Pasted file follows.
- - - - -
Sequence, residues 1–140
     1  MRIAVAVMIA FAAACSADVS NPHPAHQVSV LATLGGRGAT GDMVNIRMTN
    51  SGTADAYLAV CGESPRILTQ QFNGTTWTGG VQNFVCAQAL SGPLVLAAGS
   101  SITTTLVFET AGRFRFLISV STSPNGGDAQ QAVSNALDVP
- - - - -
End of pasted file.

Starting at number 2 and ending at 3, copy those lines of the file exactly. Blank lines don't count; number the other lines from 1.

     1  MRIAVAVMIA FAAACSADVS NPHPAHQVSV LATLGGRGAT GDMVNIRMTN
    51  SGTADAYLAV CGESPRILTQ QFNGTTWTGG VQNFVCAQAL SGPLVLAAGS